Posted on March 10, 2017 I Written By

Anne Zieger is a healthcare journalist who has written about the industry for 30 years. Her work has appeared in all of the leading healthcare industry publications, and she’s served as editor in chief of several healthcare B2B sites.

Now and then, I get a little discouraged by the state of my health data. Like providers, I’m frustrated as heck by the number of independent data sources I must access to get a full picture of my medications, care and health status. These include:

* The medication tracker on my retail pharmacy’s site
* My primary care group’s portal
* My hospital’s Epic MyChart portal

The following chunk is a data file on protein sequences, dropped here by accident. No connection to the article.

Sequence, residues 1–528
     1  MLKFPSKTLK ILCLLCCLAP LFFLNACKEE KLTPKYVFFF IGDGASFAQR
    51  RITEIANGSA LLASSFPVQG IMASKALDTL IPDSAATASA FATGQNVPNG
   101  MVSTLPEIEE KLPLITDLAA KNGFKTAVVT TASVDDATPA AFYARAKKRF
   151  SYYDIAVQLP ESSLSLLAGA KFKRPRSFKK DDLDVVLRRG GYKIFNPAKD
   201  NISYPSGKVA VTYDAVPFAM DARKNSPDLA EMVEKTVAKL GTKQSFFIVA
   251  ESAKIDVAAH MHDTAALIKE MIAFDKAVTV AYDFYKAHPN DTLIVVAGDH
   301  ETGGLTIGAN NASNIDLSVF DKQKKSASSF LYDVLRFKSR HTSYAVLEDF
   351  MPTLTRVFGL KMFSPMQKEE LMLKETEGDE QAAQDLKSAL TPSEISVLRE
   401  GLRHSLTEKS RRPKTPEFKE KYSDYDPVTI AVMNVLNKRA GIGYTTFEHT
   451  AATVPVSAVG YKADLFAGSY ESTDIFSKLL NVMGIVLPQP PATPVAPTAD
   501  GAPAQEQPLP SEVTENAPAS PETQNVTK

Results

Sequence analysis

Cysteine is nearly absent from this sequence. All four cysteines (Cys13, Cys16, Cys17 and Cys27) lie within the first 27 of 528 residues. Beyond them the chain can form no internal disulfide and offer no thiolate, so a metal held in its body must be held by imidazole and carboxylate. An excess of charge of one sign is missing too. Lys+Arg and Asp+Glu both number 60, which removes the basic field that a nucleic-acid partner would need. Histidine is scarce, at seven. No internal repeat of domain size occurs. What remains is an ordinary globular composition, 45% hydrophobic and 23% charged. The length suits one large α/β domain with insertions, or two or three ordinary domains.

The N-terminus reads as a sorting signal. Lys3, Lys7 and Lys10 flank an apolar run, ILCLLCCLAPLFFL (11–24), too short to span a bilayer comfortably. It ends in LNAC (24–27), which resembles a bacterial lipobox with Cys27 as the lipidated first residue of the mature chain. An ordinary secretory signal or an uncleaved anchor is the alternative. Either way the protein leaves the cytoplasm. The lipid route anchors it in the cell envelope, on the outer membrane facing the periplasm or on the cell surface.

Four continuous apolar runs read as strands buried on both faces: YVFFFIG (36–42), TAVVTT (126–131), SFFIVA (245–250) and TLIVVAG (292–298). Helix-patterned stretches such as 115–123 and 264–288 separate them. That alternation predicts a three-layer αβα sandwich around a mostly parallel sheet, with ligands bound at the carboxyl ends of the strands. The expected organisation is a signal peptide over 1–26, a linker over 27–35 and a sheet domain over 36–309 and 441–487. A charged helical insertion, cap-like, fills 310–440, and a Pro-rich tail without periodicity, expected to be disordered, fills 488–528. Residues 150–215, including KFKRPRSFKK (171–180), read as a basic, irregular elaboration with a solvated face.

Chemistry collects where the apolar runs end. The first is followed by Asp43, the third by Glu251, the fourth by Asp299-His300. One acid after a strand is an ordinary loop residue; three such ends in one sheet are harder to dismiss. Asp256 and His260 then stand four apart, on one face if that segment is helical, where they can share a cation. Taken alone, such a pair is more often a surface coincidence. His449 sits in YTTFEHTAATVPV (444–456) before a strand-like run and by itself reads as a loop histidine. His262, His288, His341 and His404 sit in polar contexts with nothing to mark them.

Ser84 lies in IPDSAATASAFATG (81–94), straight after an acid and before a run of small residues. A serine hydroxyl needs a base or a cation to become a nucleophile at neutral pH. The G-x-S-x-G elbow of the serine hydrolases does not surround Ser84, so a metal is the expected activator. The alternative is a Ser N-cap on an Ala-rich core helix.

* A medication management app to track my compliance with my regimen
* A health tracker app in which I track my blood pressure
* My Google calendar, to keep up with my health appointments
* Email clients to exchange messages with some providers

That’s not all – I’m sure I could think of other tools, interfaces and apps – but it offers a good idea of what I face. And I’m pretty sure I’m not unusual in this regard, so we’re talking about a big issue here.

By the way, bear in mind I’m not just talking about hyperportalotus – a fun term for the state of having too many portals to manage – but rather, a larger problem of data coordination. Even if all of my providers came together and worked through a shared single portal, I’d still have to juggle many tools for tracking and documenting my care.

The bottom line is that given the obstacles I face, my self-care process is very inefficient. And while we spend a lot of time talking about clinician workflow (which, of course, is quite important) we seldom talk about patient/consumer health workflow. But it’s time that we did.

Building a patient workflow